By Randy Youngblood
Franklin County Advocate
Riley Middleton, a third grade student at Franklin Lower Elementary, rode with his mother. They followed a big yellow school bus from late afternoon well into the star-filled east Mississippi night of Friday, April 22. Riley and his mother were part of a caravan headed to the rolling hills of Starkville, to the sleepy campus of Mississippi State University, along with 61 members of Riley’s chess team. They were from even more -rural Franklin County (population 8000), which lies some 20 miles east of the historic Mississippi River town of Natchez. Although it was his first tournament, Riley returned to Bude the next day as the undefeated leader (5-0) of the Mississippi State Chess K-3 championship team from Franklin County Lower Elementary. His mom, Kim Middleton says Riley’s response to his success was simple and clear: “He says he loves chess and wants to play more.” Such a humble response from a Franklin County chess player is not surprising. They play to win, but for the intrinsic love of the game that has been fostered in them over the past eight months by their instructors, Dr. Jeff Bulington and Mr. Bobby Poole.
Riley’s first place trophy is one of many captured by Franklin County players at Mississippi State University that day. Schools from around Mississippi fielded teams of four or more students in an effort to claim state championships in six categories: K-1, K-3, K-5, K-6. K-8, and K-12. Franklin County was competing there for the first time ever. At the end of the day, the chess tournament room in Colvard Hall erupted with cheers several times as FC claimed five of the six grade-level state championships. To top it all, Franklin County Upper Elementary—unleashing a feisty squad of 4th and 5th graders!—won the high school division, against far more experienced players from schools with long chess traditions.
How could it be? Surely that was the question many teams from across the state were asking. When asked about the mercurial rise of FC chess, Jeff Bolhuis, Director of the MS State Scholastic Chess Association, had this to say, “It is a fantastic accomplishment to have 60+ players go from novice to tournament champion in a matter of months. A couple of folks in the Memphis area told me when Dr. B first became involved in Meadville that this was going to be a great program, but the speed and extent of the kids’ development has been amazing.” Bolhuis also noted that to his knowledge no elementary team had ever won the high school division. Jackson Prep previously had dominated the division for 12 of the past 14 years.
Chess, never before formally taught or competitively played in Franklin County, has already impacted the lives of many children, parents, and educators in a profound way in these eight months. In June of 2015, Bobby Poole looked out his window to find a tall fellow from Memphis moving in next door. Fast forward to January of 2016. Mr. Poole retired from the Mississippi-based cell phone company CSpire and became an assistant chess coach, having become enmeshed in the chess program right from its inception. After Saturday’s successes he posted on Facebook, “This has been an unbelievable year so far. A year ago, I could never have believed that any of this would even be possible. Even when Dr. B told me it WAS going to happen, I had to trust that he knew what he was talking about because I had no point of reference. Obviously, he has been spot on in all of his assessments of our program, and today’s performance was absolutely no fluke.” Chris Kent, Interim Superintendent of Franklin County Schools and father of Zack Kent—a 4th grader who helped lead FC Upper Elementary to the state high school championship—said this: “I am so proud of the entire FC Chess Team. They have proved once again that students from Franklin County can compete with students from anywhere in the country.”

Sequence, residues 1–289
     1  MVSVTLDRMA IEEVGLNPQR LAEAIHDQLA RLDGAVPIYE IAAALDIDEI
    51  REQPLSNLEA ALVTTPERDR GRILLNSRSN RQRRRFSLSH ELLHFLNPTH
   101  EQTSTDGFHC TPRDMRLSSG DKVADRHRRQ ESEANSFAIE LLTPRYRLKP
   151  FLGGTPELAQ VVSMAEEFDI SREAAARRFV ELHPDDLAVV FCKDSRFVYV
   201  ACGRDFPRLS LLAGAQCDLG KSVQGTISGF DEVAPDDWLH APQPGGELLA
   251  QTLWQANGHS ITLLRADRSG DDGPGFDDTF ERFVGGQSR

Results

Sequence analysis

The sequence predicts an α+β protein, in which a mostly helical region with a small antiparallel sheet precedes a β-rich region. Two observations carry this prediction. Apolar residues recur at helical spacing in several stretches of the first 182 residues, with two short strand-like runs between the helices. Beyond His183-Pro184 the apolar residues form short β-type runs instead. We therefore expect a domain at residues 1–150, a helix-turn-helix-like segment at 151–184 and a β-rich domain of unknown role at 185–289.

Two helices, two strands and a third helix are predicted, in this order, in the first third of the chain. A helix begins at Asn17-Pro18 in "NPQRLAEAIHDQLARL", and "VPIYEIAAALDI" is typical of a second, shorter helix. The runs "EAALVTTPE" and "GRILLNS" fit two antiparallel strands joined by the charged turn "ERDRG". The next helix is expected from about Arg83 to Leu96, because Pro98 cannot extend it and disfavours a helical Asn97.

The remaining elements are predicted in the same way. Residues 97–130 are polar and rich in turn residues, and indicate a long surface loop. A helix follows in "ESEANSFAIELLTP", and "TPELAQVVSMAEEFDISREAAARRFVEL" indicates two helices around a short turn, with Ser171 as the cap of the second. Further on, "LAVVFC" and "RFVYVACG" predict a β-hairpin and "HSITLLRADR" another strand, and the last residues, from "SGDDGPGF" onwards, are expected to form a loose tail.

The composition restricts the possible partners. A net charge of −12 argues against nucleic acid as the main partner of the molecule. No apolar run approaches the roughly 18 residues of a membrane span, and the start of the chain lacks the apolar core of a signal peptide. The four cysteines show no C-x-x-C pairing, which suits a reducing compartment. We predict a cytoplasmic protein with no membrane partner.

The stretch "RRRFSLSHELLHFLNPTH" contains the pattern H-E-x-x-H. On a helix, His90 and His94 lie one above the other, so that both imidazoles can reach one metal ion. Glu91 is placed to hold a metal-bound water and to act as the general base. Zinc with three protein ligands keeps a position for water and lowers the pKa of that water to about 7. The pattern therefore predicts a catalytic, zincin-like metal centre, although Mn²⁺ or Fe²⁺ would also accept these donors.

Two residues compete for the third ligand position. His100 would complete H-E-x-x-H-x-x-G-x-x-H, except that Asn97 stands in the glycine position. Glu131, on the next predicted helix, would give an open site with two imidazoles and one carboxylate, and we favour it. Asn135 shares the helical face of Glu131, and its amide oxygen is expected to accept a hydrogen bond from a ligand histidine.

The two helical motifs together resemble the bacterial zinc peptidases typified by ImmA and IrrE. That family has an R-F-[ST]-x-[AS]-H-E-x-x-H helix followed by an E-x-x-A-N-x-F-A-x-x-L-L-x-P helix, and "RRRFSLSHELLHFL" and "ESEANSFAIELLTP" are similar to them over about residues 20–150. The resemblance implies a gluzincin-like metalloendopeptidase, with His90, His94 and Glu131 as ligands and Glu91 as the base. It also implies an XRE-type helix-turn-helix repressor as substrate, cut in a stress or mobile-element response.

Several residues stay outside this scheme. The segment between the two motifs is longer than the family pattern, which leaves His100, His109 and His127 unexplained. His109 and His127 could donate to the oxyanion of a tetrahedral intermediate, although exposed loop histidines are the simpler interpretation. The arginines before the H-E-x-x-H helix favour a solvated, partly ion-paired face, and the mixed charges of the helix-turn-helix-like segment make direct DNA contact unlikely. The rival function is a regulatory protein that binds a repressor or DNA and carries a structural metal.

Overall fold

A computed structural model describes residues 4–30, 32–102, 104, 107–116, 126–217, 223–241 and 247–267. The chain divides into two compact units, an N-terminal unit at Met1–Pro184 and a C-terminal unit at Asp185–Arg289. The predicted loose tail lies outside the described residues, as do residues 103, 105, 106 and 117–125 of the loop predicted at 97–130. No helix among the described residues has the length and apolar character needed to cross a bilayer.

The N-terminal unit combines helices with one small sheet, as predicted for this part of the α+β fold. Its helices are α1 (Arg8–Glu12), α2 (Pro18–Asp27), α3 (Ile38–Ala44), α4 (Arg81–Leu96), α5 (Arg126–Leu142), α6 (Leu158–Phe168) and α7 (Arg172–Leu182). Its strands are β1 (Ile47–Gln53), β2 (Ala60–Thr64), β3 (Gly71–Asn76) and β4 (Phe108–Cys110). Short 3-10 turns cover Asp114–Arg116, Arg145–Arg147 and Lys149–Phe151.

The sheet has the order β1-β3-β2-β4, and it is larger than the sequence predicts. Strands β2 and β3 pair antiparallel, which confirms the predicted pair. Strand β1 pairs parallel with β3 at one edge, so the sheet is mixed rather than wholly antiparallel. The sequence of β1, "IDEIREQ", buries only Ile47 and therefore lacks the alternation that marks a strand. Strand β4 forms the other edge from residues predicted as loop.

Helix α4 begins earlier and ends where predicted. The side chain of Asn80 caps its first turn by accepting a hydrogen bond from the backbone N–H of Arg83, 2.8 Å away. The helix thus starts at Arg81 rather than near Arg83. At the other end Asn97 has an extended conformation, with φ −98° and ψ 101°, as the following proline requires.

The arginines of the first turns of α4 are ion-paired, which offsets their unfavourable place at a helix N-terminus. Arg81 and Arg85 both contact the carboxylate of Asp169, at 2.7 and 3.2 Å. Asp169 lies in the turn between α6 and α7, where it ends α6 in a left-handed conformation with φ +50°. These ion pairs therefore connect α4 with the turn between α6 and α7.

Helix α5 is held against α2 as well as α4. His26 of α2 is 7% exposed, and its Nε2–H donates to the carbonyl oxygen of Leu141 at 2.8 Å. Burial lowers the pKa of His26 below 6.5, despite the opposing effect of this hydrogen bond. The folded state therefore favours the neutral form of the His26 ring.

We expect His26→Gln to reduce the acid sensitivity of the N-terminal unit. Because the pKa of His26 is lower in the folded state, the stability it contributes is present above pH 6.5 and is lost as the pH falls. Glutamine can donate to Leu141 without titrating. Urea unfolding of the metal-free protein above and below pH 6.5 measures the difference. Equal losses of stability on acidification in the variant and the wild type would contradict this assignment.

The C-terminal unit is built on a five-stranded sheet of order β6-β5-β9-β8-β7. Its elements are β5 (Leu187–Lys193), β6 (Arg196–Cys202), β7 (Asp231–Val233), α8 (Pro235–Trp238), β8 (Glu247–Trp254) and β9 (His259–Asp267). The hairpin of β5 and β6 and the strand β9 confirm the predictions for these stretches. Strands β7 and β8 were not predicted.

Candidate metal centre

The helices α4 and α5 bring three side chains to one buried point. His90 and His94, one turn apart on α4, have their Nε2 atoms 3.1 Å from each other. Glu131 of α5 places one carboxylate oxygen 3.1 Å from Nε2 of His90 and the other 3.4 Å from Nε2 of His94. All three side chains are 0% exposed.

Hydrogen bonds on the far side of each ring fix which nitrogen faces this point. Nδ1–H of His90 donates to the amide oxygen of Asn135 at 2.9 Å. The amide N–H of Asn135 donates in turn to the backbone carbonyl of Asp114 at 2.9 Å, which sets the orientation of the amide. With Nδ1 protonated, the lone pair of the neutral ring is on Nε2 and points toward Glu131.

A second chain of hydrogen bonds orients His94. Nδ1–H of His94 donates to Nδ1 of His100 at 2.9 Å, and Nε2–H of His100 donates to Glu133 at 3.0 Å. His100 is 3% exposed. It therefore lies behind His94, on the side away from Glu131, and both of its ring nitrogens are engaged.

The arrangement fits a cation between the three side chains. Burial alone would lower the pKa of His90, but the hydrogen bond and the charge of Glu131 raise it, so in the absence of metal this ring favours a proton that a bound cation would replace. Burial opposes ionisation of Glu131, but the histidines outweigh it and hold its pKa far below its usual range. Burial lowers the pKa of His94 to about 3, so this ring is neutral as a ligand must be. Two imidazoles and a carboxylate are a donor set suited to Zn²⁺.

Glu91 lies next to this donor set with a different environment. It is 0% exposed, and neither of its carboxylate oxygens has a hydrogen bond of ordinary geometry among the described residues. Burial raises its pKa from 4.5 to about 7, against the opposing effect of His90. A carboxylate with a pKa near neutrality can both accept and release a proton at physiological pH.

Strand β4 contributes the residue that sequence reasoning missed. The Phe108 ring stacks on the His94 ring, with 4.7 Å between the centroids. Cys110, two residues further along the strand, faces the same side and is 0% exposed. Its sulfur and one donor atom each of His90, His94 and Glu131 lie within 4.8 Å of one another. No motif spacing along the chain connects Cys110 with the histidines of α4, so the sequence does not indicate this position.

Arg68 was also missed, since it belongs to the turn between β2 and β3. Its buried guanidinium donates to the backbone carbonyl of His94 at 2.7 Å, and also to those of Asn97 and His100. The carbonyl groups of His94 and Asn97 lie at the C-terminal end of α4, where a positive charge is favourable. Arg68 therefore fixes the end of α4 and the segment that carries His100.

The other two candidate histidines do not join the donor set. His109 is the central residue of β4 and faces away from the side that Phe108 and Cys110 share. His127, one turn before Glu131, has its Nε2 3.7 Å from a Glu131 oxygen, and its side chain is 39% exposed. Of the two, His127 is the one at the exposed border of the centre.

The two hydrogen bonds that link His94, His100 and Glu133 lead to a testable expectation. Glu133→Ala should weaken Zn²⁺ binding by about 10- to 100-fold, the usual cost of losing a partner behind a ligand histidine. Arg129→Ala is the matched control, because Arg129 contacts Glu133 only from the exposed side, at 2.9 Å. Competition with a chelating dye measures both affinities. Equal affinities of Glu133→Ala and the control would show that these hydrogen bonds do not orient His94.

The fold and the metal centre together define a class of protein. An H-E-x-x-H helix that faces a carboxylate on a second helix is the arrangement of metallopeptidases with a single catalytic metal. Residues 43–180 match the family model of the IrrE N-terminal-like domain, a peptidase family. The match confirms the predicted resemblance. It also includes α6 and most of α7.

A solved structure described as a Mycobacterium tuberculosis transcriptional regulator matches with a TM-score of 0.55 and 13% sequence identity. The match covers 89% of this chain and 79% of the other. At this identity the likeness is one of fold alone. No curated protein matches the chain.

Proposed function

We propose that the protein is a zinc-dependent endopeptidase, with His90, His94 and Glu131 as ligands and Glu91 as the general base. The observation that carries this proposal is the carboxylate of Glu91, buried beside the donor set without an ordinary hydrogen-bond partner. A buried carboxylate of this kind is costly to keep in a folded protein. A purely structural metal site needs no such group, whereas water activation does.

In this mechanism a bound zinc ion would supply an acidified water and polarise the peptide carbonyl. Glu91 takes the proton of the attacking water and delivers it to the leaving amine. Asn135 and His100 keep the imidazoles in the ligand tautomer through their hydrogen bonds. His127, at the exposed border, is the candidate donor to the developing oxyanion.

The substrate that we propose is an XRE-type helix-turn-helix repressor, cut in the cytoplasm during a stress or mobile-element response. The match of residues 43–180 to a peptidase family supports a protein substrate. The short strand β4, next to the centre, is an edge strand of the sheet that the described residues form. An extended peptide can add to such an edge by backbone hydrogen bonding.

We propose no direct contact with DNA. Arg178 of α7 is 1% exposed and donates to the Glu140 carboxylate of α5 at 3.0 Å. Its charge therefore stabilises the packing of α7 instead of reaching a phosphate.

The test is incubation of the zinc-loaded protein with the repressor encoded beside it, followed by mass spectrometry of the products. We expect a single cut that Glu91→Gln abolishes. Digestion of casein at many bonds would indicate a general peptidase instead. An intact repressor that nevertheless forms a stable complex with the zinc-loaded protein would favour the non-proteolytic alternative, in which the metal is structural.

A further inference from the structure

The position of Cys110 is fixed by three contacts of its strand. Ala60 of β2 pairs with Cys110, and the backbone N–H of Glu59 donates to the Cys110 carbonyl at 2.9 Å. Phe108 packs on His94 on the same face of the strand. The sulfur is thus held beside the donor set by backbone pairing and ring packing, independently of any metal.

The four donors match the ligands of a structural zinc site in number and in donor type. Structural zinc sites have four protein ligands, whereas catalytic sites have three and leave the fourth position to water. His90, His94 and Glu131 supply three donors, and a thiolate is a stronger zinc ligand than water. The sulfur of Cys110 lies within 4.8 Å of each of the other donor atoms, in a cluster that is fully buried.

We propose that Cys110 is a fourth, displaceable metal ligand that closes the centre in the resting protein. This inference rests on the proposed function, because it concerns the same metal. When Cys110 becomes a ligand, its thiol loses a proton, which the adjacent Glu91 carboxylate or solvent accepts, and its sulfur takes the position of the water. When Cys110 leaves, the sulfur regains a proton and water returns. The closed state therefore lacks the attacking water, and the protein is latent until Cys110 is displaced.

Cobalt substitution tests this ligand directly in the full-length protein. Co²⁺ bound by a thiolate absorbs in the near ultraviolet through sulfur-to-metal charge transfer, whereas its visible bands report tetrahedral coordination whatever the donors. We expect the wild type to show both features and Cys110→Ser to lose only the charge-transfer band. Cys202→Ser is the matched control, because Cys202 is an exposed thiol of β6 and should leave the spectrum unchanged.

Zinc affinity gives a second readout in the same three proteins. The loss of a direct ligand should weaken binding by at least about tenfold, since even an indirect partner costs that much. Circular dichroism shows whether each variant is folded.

Likewise, former World Champion Susan Polgar (whose introductory chess text lines the windows of the FC chess room and can now be found in homes across the county) shared these thoughts: “Congratulations to the all the young players in Franklin County for their remarkable success at the State Championships! Their incredible success further proves that when young people are being taught the right way, combined with hard work / dedication, in addition to the support from parents / teachers, success will happen at the highest level. This is just the beginning. I am confident that not only will these young players continue to win on the chess board, chess will help them excel in school and in life.”
Leigh Ann Bein, assistant principal at Franklin Upper who was instrumental in creating the chess program in Franklin County Schools, and whose son Will plays for the state champion middle school team, says “Students are lured in with wonderful chess stories and kept there with stimulating challenges and logic. It’s a fantastic world in our chess room.”
Though many around the chess program have much to say about him, Dr. B’s words are few. Regarding the MS Team Tournament he stated, “The students were very motivated to prepare for their first ever team state championship. The results of the tournament are encouraging, but we have a very long way to go.” These words are characteristic of Dr. B, whose vision of FC Chess goes beyond Mississippi or even national borders.
Source: Franklin County Advocate